The UK could unlock £70bn each year by generating enough clean electricity to become a major energy exporter to mainland Europe, according to a former government economist.
A new report has found that by increasing Britain’s clean electricity generation by 50% above its current projections by 2050, it could become a clean energy superpower capable of exporting £17bn of green electricity to Europe a year. .
The ambition to generate more green electricity than is needed to meet UK climate targets could also create an additional 279,000 British jobs and support a total of 654,000 British jobs in UK clean energy industries, according to the report.
Analysis by former government economist Chris Walker for the UK Business Council for Sustainable Development found it “plausible” that the UK could transform from a net importer of energy to an exporter of green electricity by taking the lead in the global race for “net zero”.
By going “beyond net zero”, the UK economy would attract trillions of pounds of global private investment and double the £35bn a year in economic benefits expected on its current trajectory, according to Walker.
However, Britain could lose the “once-in-a-lifetime opportunity” unless government lawmakers remove barriers holding back the UK’s green energy ambitions, according to the report.
“The UK’s strong competitive advantages in clean energy generation mean it is exceptionally well positioned in the race to net zero, which can deliver significant and sustained economic growth, higher productivity and higher exports,” he said.
“Other advanced economies will undertake similar trips to the UK at the same time. For the UK to consolidate its leadership in meeting this challenge, crucial public policy decisions must be made, backed by investment from private sector organizations to ensure the UK makes and captures the investment needed to capitalize on its strengths.”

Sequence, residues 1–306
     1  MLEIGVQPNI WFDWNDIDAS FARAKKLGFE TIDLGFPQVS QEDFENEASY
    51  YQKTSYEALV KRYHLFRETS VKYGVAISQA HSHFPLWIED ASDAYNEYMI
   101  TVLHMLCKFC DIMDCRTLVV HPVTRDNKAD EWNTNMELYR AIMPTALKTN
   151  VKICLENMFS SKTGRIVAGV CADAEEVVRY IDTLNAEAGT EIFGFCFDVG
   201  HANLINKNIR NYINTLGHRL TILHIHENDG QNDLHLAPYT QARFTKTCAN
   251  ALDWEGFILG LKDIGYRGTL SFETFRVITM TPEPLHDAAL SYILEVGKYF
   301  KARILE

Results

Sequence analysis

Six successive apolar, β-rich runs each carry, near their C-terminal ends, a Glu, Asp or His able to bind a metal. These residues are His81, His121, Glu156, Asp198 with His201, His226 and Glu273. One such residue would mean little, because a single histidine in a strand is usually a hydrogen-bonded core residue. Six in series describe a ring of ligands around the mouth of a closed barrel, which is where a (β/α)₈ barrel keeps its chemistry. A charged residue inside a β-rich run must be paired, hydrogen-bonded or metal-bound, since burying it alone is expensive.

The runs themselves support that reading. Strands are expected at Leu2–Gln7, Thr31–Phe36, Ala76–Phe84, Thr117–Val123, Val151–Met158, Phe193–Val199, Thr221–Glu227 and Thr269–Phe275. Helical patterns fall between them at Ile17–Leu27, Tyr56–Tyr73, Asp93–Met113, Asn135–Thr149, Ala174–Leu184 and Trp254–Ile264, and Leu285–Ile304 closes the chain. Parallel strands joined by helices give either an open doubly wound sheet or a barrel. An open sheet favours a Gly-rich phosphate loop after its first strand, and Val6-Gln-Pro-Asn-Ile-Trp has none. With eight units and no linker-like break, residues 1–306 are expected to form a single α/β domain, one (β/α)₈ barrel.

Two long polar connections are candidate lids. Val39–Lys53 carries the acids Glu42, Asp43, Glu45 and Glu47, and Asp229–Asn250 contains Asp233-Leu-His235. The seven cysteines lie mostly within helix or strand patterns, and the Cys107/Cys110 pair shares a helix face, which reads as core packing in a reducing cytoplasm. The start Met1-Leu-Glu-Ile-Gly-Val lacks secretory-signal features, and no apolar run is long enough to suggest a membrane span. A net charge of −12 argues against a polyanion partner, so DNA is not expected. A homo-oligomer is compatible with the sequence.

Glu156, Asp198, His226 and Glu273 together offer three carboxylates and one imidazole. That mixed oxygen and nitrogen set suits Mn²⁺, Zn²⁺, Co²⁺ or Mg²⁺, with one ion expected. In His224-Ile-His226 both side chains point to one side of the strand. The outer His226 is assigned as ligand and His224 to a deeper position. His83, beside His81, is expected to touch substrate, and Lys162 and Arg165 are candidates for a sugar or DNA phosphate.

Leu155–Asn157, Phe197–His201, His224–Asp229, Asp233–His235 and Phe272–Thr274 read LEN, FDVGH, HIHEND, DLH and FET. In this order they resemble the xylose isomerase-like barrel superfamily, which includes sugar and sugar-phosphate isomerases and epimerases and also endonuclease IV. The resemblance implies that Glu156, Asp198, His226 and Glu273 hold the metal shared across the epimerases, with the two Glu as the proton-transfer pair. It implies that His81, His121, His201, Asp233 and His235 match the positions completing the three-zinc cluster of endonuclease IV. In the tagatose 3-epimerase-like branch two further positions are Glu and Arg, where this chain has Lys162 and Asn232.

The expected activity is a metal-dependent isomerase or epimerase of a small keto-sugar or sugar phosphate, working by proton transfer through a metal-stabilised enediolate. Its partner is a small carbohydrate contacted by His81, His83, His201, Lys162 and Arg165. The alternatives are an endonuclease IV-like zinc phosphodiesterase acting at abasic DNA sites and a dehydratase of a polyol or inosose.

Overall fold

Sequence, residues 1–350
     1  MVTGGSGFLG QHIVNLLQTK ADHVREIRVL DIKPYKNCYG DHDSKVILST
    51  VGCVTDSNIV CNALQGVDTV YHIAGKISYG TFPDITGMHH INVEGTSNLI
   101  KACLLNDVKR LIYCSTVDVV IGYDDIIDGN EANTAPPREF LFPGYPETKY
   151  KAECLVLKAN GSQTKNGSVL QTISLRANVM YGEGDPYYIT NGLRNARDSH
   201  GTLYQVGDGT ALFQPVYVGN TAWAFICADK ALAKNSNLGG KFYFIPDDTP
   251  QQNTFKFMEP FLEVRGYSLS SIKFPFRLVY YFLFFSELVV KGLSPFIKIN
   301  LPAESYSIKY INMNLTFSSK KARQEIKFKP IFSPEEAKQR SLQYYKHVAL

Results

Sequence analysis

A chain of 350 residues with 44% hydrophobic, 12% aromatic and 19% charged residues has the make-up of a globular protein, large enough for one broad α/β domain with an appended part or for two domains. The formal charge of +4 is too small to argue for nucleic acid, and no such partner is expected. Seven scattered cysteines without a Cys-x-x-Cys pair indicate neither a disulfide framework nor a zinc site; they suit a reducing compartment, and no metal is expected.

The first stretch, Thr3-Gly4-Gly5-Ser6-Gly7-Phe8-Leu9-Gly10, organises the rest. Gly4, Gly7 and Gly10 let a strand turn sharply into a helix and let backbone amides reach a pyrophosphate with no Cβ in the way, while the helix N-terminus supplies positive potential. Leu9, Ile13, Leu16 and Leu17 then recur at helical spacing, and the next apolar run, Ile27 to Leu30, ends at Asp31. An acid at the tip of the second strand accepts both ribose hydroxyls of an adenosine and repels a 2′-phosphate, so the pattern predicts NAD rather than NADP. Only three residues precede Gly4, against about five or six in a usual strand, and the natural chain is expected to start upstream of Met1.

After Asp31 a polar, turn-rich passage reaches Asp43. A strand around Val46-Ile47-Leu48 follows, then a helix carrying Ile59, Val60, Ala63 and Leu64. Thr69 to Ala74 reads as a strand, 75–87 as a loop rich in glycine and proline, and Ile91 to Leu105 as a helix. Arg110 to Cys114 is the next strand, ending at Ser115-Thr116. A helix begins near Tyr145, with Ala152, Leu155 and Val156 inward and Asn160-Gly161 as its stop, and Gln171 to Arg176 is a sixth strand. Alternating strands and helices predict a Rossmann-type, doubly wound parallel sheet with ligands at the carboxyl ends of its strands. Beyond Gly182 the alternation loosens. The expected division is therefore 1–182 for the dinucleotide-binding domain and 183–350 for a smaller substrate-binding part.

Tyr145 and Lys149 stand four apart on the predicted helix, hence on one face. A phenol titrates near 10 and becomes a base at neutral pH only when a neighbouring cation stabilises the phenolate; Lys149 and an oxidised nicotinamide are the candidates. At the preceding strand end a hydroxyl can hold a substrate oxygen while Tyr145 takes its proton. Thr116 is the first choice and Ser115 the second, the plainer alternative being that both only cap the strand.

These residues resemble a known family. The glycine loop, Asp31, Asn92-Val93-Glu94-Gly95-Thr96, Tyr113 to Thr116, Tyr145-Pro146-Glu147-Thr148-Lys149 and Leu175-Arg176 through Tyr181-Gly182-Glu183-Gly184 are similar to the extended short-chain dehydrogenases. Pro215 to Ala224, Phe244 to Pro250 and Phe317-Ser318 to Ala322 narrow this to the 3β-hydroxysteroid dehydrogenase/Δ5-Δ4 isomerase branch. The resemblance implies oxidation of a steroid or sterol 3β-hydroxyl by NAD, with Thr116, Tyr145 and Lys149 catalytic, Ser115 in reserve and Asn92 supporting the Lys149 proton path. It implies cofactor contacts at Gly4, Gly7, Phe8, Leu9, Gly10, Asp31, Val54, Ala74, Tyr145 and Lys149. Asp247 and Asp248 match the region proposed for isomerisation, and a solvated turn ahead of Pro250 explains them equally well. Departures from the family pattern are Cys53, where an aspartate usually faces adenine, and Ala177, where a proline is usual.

The report warned that National Grid was struggling to cope with the number of new clean energy projects applying to connect to the grid, which has increased from 50 a year to 50 a month over the past decade, leaving many projects with a duration of 10 to 15 years. wait to provide clean electricity to the UK power system.
The government should also step in to make sure the UK has enough batteries to store its renewable electricity and create a market for producing green hydrogen. In addition, drafty homes and commercial buildings in the UK need to be retrofitted to improve UK energy efficiency.
Jason Longhurst, Chairman of the UK Business Council for Sustainable Development, said: “We have the potential to generate huge amounts of clean energy that would turn the UK from a net energy importer to a nation that exports vast amounts of clean energy, worth £17 billion a year, to continental Europe.
“We believe this paper offers an evidence base to enable our government to drive new incentives for transition, harness more private sector investment and position the UK as one of the most investable markets in the world for companies facing the challenges created by climate change,” Longhurst added.